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2.5 Validating the Form With VeeValidate

We’re validating the data on the server, but we need to validate it on the client too. This will let us give our users instant feedback in case of a validation error. We’ll use VeeValidate to do that.

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2.5 Validating the Form With VeeValidate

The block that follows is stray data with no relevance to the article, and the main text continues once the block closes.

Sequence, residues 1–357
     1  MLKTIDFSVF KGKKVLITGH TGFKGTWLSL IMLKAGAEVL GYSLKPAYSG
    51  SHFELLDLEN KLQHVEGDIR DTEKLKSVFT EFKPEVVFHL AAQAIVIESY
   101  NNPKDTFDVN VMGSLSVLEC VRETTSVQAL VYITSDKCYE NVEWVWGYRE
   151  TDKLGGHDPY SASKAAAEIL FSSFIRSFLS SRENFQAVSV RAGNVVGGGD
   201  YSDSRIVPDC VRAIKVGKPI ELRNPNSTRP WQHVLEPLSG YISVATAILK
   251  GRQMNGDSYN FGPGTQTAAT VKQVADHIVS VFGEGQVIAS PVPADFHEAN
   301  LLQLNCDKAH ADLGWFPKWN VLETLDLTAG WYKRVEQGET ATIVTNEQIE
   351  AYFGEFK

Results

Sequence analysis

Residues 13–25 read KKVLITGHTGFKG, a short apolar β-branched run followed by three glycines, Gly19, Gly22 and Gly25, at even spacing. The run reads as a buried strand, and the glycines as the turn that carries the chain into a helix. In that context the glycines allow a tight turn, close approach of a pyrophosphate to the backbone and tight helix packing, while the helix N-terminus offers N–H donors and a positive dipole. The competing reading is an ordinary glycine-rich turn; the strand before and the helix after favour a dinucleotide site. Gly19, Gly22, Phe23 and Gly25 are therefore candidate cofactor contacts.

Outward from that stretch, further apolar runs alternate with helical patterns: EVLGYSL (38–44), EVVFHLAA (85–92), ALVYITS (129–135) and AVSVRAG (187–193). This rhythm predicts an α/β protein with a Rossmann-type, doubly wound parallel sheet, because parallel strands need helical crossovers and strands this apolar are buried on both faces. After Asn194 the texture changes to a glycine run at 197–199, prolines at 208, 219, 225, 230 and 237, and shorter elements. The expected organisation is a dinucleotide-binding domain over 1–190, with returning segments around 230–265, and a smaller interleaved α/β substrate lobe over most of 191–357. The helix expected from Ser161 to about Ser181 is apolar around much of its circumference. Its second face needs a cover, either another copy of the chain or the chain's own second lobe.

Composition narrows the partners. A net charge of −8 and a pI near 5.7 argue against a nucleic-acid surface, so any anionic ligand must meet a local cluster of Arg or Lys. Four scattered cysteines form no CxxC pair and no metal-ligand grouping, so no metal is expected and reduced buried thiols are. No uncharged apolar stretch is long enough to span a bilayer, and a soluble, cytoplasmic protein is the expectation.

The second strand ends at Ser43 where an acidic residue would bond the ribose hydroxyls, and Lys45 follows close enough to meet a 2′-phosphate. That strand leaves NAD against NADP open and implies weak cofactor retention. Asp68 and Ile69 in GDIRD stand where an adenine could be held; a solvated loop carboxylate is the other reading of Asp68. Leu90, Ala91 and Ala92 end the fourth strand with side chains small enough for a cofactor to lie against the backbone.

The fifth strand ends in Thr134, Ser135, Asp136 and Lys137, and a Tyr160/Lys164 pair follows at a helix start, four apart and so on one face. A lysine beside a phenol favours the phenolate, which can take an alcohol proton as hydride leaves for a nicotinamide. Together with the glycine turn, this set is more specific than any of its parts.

In the previous lesson, we implemented the actual creation of our support tickets. And while it works, there are still some things that we need to do. One of those is to add validation. Now, we do have validation on the server, thanks to the request object or the request class that we created. We do have some rules to find, where the email and the title and the content are all required. Then, of course, the email address needs to be an actual email address. And while we definitely do need this validation on the server, this is a single page application. The server is responsible for doing all of the data stuff. So that is storing, retrieving, editing and all that stuff. The client is responsible for everything else. So it just makes sense to have client-side validation. And so, we are going to use a package called v-validate to add validation to our form. With just a few lines of code. So, we want to install the v-validate package, let's go ahead and save that as a dependency, so that we will then have that inside of our package.json file. And then we want to go to our app.js file. So inside of assets js and then app.js. Let's add in an import statement. It's called v-validate and then it is of course from the validate. And then we just need to use this within our application. So somewhere here, we need to use the view method and we will pass in v-validate there, so that's all that we need to do inside of app.js, so we can close that. And then let's go to our actual component because we do need to add a few things here and one of them is an attributes called the v-validate. And the really cool thing about this package is that it is modeled after the validation of Laravel. So everything that we did in the previous lesson, as far as setting up the rules for the request that's being handled by our tickets controller is going to fall down to our client, as well. So that whenever we want to specify the validation rules here, we pass in a string. Now, the string itself, is going to be contained within our double quotes here. So, it's going to look a little funny but we will have our double quotes to surround the value of the v-validate attribute and then inside of it, we're going to have what would be a JavaScript string literal. So here, we will say required|email. So it is exactly what we did with our rules in the previous lesson. So now we just need to go to our other elements and make the necessary changes. So that our title is required and then the content is required as well. But we can take this a step further and we can display an error message if there is one to display for any one of these fields. So let's do this with a p element. And let's give it a class of text danger, so that it would be read because typically whenever a user sees red, if they can see red, then that denotes that something is wrong here. But we only want to show this p element if there is an error. So we will use the v_if attribute and then we're going to use this errors object. It has a method called has. And if there are any errors for our email, then this P element is going to display. And then we just want to display the error that occurred. So we will say errors.first and then the name of the field, which is email in this case. And we will do the exact same thing for our other fields. So for our title, we just need to change where we have specified email here. So let's do that. And then we will move on down to the content and do the exact same thing. Let's do this after the text area. And then we will change the title here to content. And so with that done, we can go back to the command line, let's run mpm run watch. And then let's hop on over to the browser, so that we can actually see this work. Let's make sure that this builds and whenever it is done, then there we go. So let's go to the browser, let's refresh the page. There's one other thing we need to do. If we send this tickets, we are still going to get an error. What we want to do is make sure that the form validates before we send the request to the server. So we can do that inside of the onSubmit method but instead, let's do this, let's break out our existing code. And let's put this inside of another method, we'll just call it sendRequest for the lack of a better term. And then we will paste that in. And then inside of this onSubmit method, we're going to access the validator. Now, by including the v-validate package and using that within our application, we now have access to the validator. And what we want to do whenever we try to submit the form, is run all of the validations. And so we do that with a method called validate all, this is an asynchronous call, so we need to use this then, and we're going to get a result. Now if we have a result then everything is fine. All of the validation passed and so then we could send our request. So if result, then we will call our send request method. And everything will be fine. Otherwise, what we're going to see on screen, is all of our p elements that are going to display an error message. So now let's go back to the browser, let's refresh and let's try to submit this. And you can see that instantly, we get feedback. The email field is required. And if we put something in here that is not an email address, then we can see that to the email field must be a valid email. So we have to fill out everything. So this is a title and then this is the description. And then whenever we submit the ticket, then it's going to save that. And I know that I misspelled things. That's okay. Now as it currently stands, whenever we submit a ticket, we don't have any feedback, as to whether or not that actually occurred. Well, we're going to handle that later by going to a different page. But for right now, we can at least just look at the console and really the network tab. We might need to submit the ticket again but we can see that the status is 200, so we can be assured that our ticket was stored twice because we just stored it twice. And so the next step that we need to go through is actually start incorporating not just the layout of our application, but we also need to start incorporating the routing so that we can navigate to different pages which would essentially be different components throughout our application. And we will do that in the next lesson.